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Inspection carried out on 21 June 2018

During a routine inspection

This announced inspection took place on 21 June 2018. This service is a domiciliary care agency and provides care and support to adults living in their own houses and flats. Not everyone using Extra Help Care Limited receives regulated activity; CQC only inspects the service being received by people provided with ‘personal care’; help with tasks related to personal hygiene and eating. Where they do, we also take into account any wider social care provided. At the time of our inspection, 14 people were provided with ‘personal care’ by Extra Help Care Limited.

The service had a registered manager at the time of our visit. A registered manager is a person who has registered with the Care Quality Commission to manage the service. Like registered providers, they are ‘registered persons.’ Registered persons have a legal responsibility for meeting the requirements in the Health and Social Care Act 2008 and associated Regulations about how the service is run.

Risks to people safety were not always assessed or regularly reviewed. Staff supported some people to take medicines, but further information was needed to ensure they had sufficient information about people’s medicines. People were supported by a sufficient amount of staff to keep them safe; however, improvements were required to ensure people knew which staff would be visiting them.

People felt safe and were supported by staff who were aware of how to respond if they suspected abuse. Staff were recruited safely. People were supported by staff who understood their responsibilities for maintaining cleanliness and hygiene and to report accidents and incidents.

Staff had sufficient skills and knowledge to meet people’s needs. People were supported to eat and drink enough to maintain their health and staff sought medical attention if people needed it. People were supported to have maximum choice and control of their lives and staff supported them in the least restrictive way possible; the policies and systems in the home supported this practice.

People were supported by staff who were kind and caring and knew people’s likes and dislikes. Staff were provided with a sufficient amount of time on care calls to be able to provide compassionate care. People were supported by staff who respected their privacy and dignity.

Staff met people’s needs and provided support in line with their wishes and preferences. People had an assessment of their needs before they started using the service and were involved in planning and reviewing their care. The level of detail in people’s support plans was variable and the provider told us of their plans to address this.

People were provided with information about how to make a complaint about the service and their complaints and concerns were responded to. The registered manager provided opportunities for people to provide feedback on the service they received.

People knew who the registered manager was and staff told us the registered manager was accessible and provided clear leadership. The management team monitored the quality of the service provided by carrying out checks. We saw these were effective in identifying and addressing areas of improvement.

Inspection carried out on 24 February 2017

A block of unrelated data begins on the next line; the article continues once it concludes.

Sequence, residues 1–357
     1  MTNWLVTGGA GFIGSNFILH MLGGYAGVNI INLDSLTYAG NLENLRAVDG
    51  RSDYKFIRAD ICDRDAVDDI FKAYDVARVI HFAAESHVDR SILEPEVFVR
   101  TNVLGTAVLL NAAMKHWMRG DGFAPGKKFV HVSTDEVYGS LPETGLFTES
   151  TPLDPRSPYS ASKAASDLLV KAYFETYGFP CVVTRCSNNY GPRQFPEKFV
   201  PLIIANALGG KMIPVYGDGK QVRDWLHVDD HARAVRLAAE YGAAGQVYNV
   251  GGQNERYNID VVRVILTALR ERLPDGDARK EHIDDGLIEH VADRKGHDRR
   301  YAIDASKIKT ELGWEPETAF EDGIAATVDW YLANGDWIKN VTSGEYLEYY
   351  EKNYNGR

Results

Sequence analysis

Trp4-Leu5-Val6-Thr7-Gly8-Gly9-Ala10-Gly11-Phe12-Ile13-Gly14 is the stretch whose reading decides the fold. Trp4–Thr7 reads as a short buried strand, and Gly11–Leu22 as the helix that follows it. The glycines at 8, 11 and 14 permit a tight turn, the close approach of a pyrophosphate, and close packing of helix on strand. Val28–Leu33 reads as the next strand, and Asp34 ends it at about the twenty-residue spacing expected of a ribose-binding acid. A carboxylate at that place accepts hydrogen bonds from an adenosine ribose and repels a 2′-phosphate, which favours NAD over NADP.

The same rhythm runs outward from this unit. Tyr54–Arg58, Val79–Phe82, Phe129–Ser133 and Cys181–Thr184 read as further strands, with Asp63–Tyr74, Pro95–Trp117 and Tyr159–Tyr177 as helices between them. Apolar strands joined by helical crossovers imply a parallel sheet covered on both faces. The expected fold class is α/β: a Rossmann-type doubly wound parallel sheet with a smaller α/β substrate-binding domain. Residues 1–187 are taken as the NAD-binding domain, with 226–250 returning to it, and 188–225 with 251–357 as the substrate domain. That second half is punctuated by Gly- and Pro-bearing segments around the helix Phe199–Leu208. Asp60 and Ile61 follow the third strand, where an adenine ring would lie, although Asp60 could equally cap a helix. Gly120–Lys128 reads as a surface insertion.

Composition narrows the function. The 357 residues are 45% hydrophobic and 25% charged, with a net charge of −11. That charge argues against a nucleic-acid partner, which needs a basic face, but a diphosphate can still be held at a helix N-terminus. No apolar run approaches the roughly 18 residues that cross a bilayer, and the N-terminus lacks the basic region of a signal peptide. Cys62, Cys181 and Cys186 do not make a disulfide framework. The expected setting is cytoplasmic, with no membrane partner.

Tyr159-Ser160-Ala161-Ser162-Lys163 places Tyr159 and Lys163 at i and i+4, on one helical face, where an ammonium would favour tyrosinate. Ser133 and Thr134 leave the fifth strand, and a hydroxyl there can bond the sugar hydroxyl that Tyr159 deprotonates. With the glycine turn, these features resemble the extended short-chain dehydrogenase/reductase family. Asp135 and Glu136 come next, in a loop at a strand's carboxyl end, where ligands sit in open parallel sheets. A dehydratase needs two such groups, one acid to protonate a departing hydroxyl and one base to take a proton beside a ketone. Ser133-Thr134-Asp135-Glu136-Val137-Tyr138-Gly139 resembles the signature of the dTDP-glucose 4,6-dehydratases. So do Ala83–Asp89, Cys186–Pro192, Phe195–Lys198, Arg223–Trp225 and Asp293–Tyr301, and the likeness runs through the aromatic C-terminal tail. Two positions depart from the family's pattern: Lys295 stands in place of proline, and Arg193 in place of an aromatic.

During a routine inspection

We carried out an announced inspection of the service on 24 February 2017.

Extra Help Care Ltd is registered to provide personal care to people in their own homes. At the time of our inspection the service was providing the regulatory activity of personal care to four people living in their own homes.

On the day of our inspection there was a registered manager in place who was also the provider. A registered manager is a person who has registered with the Care Quality Commission to manage the service. Like registered providers, they are ‘registered persons’. Registered persons have legal responsibility for meeting the requirements in the Health and Social Care Act 2008 and associated Regulations about how the service is run.

Appropriate checks of staff suitability to work at the service had not always been conducted prior to them commencing their role. People were supported by staff who made them feel safe when they were in their home. Regular assessments of the risks to people’s safety were conducted and regularly reviewed. Care plans were in place to address those risks.

Staffing levels were adequate to meet people's needs. People received the level of support they required to safely manage their medicines.

Care records did not always record details about people's ability to make decisions. Staff received appropriate induction, training and supervision. People received the assistance they required with their meals. People’s day to day health needs were met by the staff and where appropriate referrals to relevant health services were made where needed.

People and their relatives felt staff supported them or their relative in a kind and caring way. People were provided with the information they needed that enabled them to contribute to decisions about their support. Information was not available for some people about how to access and receive support from an independent advocate. People and their relatives felt staff maintained their or their relation’s dignity when they supported them with their personal care.

People’s care plans were written in a person centred way. People and their relatives where appropriate, were involved with planning the care and support provided. People’s care records were regularly reviewed. People and their relatives knew how to make a complaint.

Staff understood the values and vision of the service. Relatives and staff felt the registered manager was approachable and listened. The registered manager understood the responsibilities of their registration with the CQC. There were a number of quality assurance processes in place.